9/11 Tag

Today we interviewed SHER SINGH (pictured) who was arrested on September 12, 2001 as the first suspected terrorist after the 9/11 attacks. He was riding a Boston-bound train when it stopped in Providence, Rhode Island. He was wearing a turban and kirpan, both articles of Sikh faith. His ‘suspicious’ appearance had caught the attention of the FBI who sent federal agents and local police with bomb-sniffing dogs to the station to intercept him. Officers rushed the entrance of the train and pointed rifles at the man: “Get your

Today we continued our production travels on the road with a trip to Yale Law School , where we interviewed the Dean of Yale Law School, HAROLD HONGJU KOH, a champion of human and civil rights. I first met Dean Koh at Yale Law School's admit day this spring, and after hearing him speak, I was certain of two things: that I wanted to study at YLS next year and that this documentary film needed his voice. He offered a larger perspective on the shift in law

Today we filmed the streets and skyline of Manhattan, the Statue of Liberty, and finally we returned to Ground Zero. There we met AMRIK CHAWLA (pictured), a Brooklyn-raised Sikh American, who first told me his story in December 2001. Amrik was probably the very first victim of a hate crime after 9/11. It happened only minutes after the second plane hit the Towers. That Tuesday morning, Amrik was in a cab three blocks south of the Towers, on his way to work when traffic stopped. He saw the

It is the eve of the fourth anniversary of September 11, the event that changed the world for many people and shifted the entire course of my life. In the aftermath of 9/11, I journeyed across America with my camera, documenting stories of hate violence against minority communities, including my own. Now four years later, I am a graduate student making a feature film about my journey. Still consumed by these stories and their questions, I traveled with my film crew to revisit Ground Zero on August

Today we drove into Richmond Hill, New York, to meet the three Sikh men Amardeep Singh at the Sikh Coalition told us about yesterday. The Sikh Coalition represents Rajinder Singh Khalsa, Kevin Harrington, and Amric Singh Rathour (pictured). Each case centers on the turban, the religious uniform for many Sikh men. Here are sketches of their three stories.     We met RAJINDER SINGH KHALSA (pictured) in front of his brother’s restaurant, where he told us what happened to him on July 11, 2004. On the street, several men accosted

We have arrived in New York City to begin production on the East Coast. After we picked up our equipment, we had our first interview with AMARDEEP SINGH (pictured), legal director of the SIKH COALITION, a civil rights organization created in the immediate aftermath of 9/11. I had first met Amar and other founding members of the Coalition in December 2001, when I interviewed them at a round table after one of their first meetings. Back then, they were a group of young Sikh professionals who came together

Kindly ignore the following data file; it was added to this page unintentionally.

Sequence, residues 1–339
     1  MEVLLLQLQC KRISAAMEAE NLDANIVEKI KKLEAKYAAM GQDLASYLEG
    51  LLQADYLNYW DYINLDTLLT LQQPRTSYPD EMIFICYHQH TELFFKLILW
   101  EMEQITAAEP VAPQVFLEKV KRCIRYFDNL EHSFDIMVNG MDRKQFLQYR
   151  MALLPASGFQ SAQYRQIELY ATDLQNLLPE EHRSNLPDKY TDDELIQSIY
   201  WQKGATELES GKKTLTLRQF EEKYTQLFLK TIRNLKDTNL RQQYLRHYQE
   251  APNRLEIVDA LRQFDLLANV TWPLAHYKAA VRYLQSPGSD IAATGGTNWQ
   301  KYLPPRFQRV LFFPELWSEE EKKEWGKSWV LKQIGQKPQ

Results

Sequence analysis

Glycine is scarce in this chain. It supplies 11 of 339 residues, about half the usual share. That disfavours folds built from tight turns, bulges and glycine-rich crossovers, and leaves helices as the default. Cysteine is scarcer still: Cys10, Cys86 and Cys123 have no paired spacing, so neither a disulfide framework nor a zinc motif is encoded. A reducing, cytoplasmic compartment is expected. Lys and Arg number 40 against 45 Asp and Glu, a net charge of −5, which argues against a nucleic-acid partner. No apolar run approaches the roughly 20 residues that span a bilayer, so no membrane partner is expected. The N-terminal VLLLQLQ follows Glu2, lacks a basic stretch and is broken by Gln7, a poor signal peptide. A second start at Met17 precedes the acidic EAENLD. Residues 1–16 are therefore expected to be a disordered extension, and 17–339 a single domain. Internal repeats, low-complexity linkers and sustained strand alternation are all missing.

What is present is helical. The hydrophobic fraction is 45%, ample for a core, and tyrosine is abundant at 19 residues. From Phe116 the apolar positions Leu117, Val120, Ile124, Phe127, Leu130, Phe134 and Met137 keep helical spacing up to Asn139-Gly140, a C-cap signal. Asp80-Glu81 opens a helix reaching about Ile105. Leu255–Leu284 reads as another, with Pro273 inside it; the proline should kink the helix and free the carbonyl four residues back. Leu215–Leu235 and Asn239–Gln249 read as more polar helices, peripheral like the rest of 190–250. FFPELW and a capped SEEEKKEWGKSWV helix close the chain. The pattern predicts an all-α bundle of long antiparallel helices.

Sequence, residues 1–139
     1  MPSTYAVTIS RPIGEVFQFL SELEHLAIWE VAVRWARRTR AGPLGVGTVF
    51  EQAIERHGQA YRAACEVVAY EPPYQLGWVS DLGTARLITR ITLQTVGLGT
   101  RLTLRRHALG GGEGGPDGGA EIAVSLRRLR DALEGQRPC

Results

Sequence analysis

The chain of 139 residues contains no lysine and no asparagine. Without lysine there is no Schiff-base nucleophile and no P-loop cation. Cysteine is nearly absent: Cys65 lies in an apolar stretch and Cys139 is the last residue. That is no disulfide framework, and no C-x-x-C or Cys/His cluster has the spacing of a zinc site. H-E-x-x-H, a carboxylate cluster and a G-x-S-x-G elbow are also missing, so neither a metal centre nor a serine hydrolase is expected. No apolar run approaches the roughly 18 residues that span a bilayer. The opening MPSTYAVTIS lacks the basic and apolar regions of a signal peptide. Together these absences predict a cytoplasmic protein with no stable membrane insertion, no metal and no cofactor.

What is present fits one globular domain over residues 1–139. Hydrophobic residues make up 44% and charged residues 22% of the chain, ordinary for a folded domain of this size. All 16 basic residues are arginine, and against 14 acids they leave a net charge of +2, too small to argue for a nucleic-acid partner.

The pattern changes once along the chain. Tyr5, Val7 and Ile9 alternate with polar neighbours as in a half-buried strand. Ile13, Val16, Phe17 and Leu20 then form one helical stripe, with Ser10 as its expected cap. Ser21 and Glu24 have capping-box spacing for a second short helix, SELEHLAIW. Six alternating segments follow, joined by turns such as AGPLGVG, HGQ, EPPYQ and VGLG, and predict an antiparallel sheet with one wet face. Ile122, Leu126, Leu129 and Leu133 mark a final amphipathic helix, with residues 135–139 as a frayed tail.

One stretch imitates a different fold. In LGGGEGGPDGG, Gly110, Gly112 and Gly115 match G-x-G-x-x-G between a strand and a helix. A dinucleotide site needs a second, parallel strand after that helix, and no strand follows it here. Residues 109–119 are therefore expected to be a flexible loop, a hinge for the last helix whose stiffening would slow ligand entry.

We spent this afternoon with the AKHTER family, a Muslim American family in Gilroy, California, who I first visited in October 2001. I remember eight-year old SAMIR (pictured) the most: "The kids call me bin Laden’s son, and all of their friends were putting their lunch pails on my face like this, and they called me bin Laden’s face. They smashed lunch pails on my face so that I couldn’t breathe. I said no, I’m not the bad guy, and I don’t want to be a bad guy.

After a weeklong break in production, we hit the road again. We spent five days in Phoenix, Arizona, to revisit THE SODHI FAMILY whose story set this film in motion nearly four years ago. On September 15, 2001, BALBIR SINGH SODHI (pictured) was standing in front of his gas station, preparing to plant flowers. A man in a black truck pulled around the corner and shot him five times. Balbir, 52 years old, was the first person to be killed in a post-9/11 hate crime. When arrested, the

It is the day before production begins. Today we went to Kodak to pick up the film. Sharat and I stopped inside the office first to thank Candace, the woman who decided to give us our film stock at almost half the price. I met her for the first time and shook her hand. "This film is four years in the making. Thank you so much for making this possible." We have come this far because of people like her. People who helped us for no other reason

Once again, I am living out of my suitcase. This happens a lot. Ever since September 11, 2001, my suitcase has been my home. That single event, that single day, has determined every part of my life. What I study. What I do. Who I know myself to be. And where I am. On this particular night, I am in Los Angeles, writing from a production office—a film production office. The place is an organized mess. Two rooms packed with editing equipment, camera gear, computers, stacks of papers